ERIC Number: ED468337
Record Type: RIE
Publication Date: 2001-Jul
The Status of School Finance Today. Education Finance in the States: Its Past, Present and Future. ECS Issue Paper.
This paper provides a brief overview of the elementary and secondary school-finance system. The scope of the school-finance enterprise is large. On any given day, about 20 percent of the country's population participates in precollegiate education programs of some sort. The states provide nearly half of all school revenues, which come from broad-based statewide taxes. The remaining funds come from local sources, primarily property taxes. The states, however, generally control local contributions. The factors that influence school spending have changed. Between 1950 and 1990, spending increases were propelled, generally, by the expansion of services schools were required or expected to provide. Since the 1990s, school spending increases have been based on evidence of improvement, a result of the standards-based approach to reform. The main strength of the current funding system is its ability to generate large amounts of money. Its main weakness is that it is inefficient because of its size and complexity. Further, the finance system is affected by other educational issues that require attention. These issues include linking finance to accountability; paying for school facilities and teachers; funding special education and at-risk students; and providing support for charter schools. (WFA)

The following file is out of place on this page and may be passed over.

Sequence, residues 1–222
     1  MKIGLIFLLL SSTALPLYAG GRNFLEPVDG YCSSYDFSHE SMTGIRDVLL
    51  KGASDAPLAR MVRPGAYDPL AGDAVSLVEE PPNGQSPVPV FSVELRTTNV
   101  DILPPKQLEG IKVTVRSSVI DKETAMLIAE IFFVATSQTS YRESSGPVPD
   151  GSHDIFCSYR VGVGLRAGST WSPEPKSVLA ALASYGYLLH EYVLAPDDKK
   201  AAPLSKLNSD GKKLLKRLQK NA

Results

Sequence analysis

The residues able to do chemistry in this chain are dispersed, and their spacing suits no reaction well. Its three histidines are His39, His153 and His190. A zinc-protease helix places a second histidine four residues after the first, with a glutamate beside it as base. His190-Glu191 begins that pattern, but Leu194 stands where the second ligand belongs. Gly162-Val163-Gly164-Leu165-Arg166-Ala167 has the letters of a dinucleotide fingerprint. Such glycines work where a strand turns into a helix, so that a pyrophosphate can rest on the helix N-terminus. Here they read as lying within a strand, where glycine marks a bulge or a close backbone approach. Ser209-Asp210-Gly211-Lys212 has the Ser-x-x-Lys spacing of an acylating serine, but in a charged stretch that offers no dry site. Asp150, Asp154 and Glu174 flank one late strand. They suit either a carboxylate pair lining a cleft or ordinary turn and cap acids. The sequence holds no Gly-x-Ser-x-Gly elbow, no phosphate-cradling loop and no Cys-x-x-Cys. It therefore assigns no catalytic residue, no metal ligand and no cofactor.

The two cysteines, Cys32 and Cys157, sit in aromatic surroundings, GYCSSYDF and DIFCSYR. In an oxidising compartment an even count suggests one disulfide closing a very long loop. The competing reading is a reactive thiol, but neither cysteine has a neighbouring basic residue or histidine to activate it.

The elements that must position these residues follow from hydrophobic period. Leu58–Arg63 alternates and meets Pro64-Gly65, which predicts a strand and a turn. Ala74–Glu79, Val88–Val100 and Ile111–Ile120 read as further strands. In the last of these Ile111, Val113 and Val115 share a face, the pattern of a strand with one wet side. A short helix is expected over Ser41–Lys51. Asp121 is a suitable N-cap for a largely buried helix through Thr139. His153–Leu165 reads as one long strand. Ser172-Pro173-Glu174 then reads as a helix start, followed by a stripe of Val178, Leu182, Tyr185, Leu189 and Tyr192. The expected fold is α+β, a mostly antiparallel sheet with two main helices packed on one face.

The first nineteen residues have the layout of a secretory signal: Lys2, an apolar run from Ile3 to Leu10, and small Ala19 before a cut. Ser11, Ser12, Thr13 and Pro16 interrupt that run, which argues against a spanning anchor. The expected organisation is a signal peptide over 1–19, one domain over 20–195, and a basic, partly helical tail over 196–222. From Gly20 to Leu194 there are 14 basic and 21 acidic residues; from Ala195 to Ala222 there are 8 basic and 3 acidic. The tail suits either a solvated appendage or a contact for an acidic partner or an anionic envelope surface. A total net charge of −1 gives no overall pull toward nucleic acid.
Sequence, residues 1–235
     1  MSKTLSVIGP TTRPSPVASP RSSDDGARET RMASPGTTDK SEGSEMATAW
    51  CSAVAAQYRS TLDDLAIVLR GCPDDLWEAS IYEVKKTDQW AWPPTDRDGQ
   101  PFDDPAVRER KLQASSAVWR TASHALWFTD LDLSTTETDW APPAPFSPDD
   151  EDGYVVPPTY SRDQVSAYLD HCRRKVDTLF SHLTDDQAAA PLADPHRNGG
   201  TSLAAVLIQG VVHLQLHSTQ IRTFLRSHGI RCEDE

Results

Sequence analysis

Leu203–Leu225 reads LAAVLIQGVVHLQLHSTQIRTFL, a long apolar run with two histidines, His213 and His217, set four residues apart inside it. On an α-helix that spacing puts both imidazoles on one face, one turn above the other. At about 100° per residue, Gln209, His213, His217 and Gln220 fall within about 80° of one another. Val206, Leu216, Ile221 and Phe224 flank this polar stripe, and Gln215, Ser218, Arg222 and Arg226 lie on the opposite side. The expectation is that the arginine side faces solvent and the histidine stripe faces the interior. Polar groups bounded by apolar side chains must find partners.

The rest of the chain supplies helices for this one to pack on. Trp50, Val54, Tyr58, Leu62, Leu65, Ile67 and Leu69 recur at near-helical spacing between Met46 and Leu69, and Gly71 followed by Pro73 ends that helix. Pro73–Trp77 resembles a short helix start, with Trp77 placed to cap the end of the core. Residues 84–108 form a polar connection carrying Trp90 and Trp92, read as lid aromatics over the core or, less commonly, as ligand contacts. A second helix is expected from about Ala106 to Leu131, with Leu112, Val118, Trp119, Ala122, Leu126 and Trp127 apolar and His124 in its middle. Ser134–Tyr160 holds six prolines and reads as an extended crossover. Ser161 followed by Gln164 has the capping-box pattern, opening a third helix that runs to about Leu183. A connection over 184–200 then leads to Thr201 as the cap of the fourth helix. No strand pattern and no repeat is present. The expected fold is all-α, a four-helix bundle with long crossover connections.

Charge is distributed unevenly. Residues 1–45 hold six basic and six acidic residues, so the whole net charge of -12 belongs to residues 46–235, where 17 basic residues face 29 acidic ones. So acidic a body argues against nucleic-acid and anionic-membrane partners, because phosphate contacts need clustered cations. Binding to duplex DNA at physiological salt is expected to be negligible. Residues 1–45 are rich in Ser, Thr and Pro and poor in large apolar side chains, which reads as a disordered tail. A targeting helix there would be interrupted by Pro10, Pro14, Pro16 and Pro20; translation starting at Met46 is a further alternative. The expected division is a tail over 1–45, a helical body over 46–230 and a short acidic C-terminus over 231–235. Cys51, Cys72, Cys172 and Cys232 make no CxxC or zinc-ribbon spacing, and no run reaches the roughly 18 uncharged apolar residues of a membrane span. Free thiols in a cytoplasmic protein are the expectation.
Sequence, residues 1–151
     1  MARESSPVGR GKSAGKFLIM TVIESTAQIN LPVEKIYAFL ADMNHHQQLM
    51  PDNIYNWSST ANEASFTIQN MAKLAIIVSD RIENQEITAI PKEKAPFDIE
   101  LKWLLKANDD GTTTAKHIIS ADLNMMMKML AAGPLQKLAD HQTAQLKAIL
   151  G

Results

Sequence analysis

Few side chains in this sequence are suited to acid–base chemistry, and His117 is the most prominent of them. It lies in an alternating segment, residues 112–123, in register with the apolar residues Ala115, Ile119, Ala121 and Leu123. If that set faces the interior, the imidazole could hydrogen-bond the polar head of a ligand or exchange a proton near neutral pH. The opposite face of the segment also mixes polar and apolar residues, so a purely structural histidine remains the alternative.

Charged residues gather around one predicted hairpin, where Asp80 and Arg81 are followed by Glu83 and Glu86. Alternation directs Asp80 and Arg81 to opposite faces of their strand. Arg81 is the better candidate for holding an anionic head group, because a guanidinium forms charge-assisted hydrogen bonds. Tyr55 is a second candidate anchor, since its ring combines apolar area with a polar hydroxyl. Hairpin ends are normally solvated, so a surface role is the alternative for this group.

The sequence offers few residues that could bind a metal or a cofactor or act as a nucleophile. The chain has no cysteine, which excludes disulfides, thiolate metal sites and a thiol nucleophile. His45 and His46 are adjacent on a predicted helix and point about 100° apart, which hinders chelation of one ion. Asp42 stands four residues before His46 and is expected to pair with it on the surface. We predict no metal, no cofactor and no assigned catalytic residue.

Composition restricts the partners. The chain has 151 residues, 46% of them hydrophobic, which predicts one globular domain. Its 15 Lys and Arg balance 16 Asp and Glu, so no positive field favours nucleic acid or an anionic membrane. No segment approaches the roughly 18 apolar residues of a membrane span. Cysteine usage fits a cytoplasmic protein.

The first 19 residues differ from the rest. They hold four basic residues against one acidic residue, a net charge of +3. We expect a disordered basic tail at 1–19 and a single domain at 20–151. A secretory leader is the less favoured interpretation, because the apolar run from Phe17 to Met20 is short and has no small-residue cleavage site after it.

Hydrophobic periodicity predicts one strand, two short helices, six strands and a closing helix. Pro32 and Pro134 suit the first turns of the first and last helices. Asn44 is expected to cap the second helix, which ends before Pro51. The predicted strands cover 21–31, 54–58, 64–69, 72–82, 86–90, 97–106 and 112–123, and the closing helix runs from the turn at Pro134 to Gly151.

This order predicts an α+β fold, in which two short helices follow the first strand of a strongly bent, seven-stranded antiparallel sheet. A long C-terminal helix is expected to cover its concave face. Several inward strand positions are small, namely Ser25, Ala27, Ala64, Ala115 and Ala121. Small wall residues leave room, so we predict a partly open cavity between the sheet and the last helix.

Descriptors: Educational Equity (Finance), Educational Finance, Educational Improvement, Elementary Secondary Education, Financial Support, School Funds, School Support, State Aid
Education Commission of the States, 700 Broadway, Suite 1200, Denver CO 80203-3460. Tel: 303-299-3600; Fax: 303-296-8332; Web site: http://www.ecs.org. For full text: www.ecs.org/clearinghouse/28/01/2801.htm. .
Publication Type: Reports - Evaluative
Education Level: N/A
Authoring Institution: Education Commission of the States, Denver, CO.